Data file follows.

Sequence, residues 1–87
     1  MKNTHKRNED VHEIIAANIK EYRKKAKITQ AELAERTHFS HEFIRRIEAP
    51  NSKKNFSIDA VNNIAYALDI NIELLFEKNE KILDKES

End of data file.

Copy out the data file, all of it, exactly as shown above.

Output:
Sequence, residues 1–87
     1  MKNTHKRNED VHEIIAANIK EYRKKAKITQ AELAERTHFS HEFIRRIEAP
    51  NSKKNFSIDA VNNIAYALDI NIELLFEKNE KILDKES